ISLAMABAD, July 5: The United States has urged Pakistan to stop the smuggling of material used for making Improvised Explosive Devices (IEDs) to Afghanistan.
Sources told Dawn that the issue of IEDs dominated the counter-terrorism talks on Tuesday between US Assistant Secretary of State for International Narcotics and Law William Brownfield and Interior Minister Rehman Malik here.
The US side was told that Pakistan was itself concerned over the menace of IEDs and was taking all possible steps to prevent fabrication of the deadly weapon. The meeting was told that export of fertiliser to Afghanistan had been banned on the basis of reports that it was being used to make IEDs.
Later, speaking at a press conference with Mr Brownfield after attending the first round of the fourth Pak-US ministerial-level strategic dialogue on law enforcement and counter-terrorism, Mr Malik said the world had now realised that the fabrication of the deadly weapon should be stopped.
He said that the use of IEDs had been detected in various attacks across the country.
In collaboration with the US, Pakistan would soon start a programme to impart training to the law-enforcement personnel to counter the threat posed by the IEDs, he said. “We are going to make a law against IEDs.”
He pointed out that around 11,024 people had died and 25,291 injured in incidents involving IEDs, while 1972 buildings, 79 bridges, 360 electric poles and 231 railway tracks were also destroyed in various areas of Pakistan.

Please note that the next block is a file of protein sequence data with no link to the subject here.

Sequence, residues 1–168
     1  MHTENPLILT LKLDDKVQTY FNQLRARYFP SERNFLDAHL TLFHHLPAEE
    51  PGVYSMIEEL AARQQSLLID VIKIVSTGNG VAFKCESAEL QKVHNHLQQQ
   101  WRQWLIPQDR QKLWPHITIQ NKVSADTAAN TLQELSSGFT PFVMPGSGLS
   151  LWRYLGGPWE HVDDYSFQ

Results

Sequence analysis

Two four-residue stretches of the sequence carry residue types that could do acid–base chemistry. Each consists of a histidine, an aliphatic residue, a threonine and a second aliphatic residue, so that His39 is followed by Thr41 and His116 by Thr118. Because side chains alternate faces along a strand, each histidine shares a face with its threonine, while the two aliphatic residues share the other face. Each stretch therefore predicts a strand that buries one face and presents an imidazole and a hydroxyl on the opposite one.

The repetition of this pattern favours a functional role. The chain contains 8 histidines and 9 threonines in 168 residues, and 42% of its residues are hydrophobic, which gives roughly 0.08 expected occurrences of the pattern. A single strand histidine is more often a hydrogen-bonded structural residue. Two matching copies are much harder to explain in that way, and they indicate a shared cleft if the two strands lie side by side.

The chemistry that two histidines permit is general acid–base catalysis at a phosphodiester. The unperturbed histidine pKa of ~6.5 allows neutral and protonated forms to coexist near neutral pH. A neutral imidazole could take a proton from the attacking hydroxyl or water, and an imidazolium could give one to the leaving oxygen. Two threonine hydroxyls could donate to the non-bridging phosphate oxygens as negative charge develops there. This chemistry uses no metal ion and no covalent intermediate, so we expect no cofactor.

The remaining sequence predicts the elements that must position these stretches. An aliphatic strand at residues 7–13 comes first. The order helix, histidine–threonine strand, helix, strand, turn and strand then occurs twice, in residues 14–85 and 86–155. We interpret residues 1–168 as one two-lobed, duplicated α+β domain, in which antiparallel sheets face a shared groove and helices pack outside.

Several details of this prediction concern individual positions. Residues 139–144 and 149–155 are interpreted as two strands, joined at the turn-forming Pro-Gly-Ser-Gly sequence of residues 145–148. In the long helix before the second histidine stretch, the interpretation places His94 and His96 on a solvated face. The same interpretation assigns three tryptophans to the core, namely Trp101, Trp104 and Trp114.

The minister said that measures were being adopted with the support of the United States to check the use of IEDs.
He said the border between Pakistan and Afghanistan was a major concern as the Pakistani security forces were being attacked through the IEDs by the terrorists.
Mr Brownfield said the main agenda of the strategic dialogue taking place in Islamabad was to save lives of people around the world, especially in Pakistan, Afghanistan and the US.
He said both sides were set to discuss matters related to enhancing professional capabilities of the law-enforcement agencies in view of the new strategy announced by the Obama administration.
He said the meeting also discussed ways and means to curb the use of IED explosives and highlighted other bilateral issues.
Both the leaders said Pakistan and United States had common interests and the strategic dialogue was the right step to benefit each other in different areas. “We need to have common strategy so as to combat the menace of terrorism and extremism,” Mr Malik said.